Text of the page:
It is important to consider that several models for the formation of OMS use cells isolated from solid tumors (for example, mammospheres), which spontaneously form spheroids in non-adherent culture conditions (36, 37), but the generation of OMS from human normal cells with a profile of adhesion molecules different from tumor cells to mimic the microenvironment of a “semi-solid” tissue, such as bone marrow, is a different challenge. The use of the magnetic levitation system allowed us to generate a sphere with adherent cellular populations, such as MSC and Ec, and non-adherent cells, such as HSC, which interact in an OMS that retains its viability for 15 days (Fig. 5C–F). Besides that the magnetic levitation system allowed us to develop a multicellular sphere from normal cell populations with different profiles of adhesion molecules, previous studies have shown that this system does not require the use of exogenous proteins or synthetic scaffolds that modify the cellular physiology but promotes the production of proteins of the extracellular matrix recreating cellular microenvironments similar to those that exist in vivo (38, 39). Since our interest was to develop a 3D culture system that mimics the conditions of the HSC microenvironment, we selected this system for the advantages described above.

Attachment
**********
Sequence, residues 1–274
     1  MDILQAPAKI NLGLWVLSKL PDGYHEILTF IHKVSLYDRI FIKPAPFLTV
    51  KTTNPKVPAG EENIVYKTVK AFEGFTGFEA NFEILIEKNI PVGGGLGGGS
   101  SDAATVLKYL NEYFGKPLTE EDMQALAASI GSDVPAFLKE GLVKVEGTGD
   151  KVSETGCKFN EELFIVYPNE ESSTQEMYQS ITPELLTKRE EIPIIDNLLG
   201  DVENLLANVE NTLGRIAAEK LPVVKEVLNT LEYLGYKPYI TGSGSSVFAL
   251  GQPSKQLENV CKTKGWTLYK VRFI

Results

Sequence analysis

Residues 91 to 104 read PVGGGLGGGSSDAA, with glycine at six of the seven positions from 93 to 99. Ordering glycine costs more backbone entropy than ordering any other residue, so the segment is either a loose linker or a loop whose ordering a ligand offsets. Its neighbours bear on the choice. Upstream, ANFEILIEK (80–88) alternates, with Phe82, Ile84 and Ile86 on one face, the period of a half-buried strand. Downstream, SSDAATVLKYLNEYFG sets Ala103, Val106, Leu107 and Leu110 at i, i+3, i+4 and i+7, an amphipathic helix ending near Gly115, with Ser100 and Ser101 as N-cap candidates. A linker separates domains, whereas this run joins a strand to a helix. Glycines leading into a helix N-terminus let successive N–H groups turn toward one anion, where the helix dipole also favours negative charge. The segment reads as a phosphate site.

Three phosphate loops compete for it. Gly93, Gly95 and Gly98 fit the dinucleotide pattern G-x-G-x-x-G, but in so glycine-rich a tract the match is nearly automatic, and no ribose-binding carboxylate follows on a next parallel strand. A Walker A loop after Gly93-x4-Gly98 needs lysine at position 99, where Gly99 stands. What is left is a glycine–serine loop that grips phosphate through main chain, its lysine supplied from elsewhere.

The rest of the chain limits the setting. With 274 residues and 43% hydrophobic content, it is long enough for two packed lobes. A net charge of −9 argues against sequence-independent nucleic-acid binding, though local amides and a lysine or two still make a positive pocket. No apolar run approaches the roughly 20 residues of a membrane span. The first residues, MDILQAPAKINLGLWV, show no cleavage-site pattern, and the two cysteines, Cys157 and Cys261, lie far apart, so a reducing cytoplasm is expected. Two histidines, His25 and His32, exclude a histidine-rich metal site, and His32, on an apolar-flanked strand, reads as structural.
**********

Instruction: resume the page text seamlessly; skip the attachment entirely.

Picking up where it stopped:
In relation to the histological evaluation of the spheres, we showed that they have an organization defined by a cell population that is organized around the perimeter of the structure (Fig. 3G) and other cell populations distributed in the center of the structure that do not have pyknotic nuclei associated with a necrotic center, as described in spheres obtained with tumor cells (40); this is an important result because it indirectly demonstrates the maintenance of cell viability within the 3D structure and the non-toxicity of the nanoparticles used in the magnetic levitation system. We also evaluated the global expression of vimentin in OMS. This is a protein that is used in histological studies to demonstrate the maintenance of cell integrity because it has been shown that its decrease is related to apoptosis (41, 42); therefore, in our study we used the detection of vimentin as an indicator of the quality of the structure rather than a protein associated with mesenchymal cells where it is abundantly expressed. We observed that there is a correlation between the morphological findings observed inside the sphere (Fig. 3G) without apoptotic cells and a high expression of vimentin in the structures (Fig. 5K, L) demonstrated the formation of spheres with histological quality.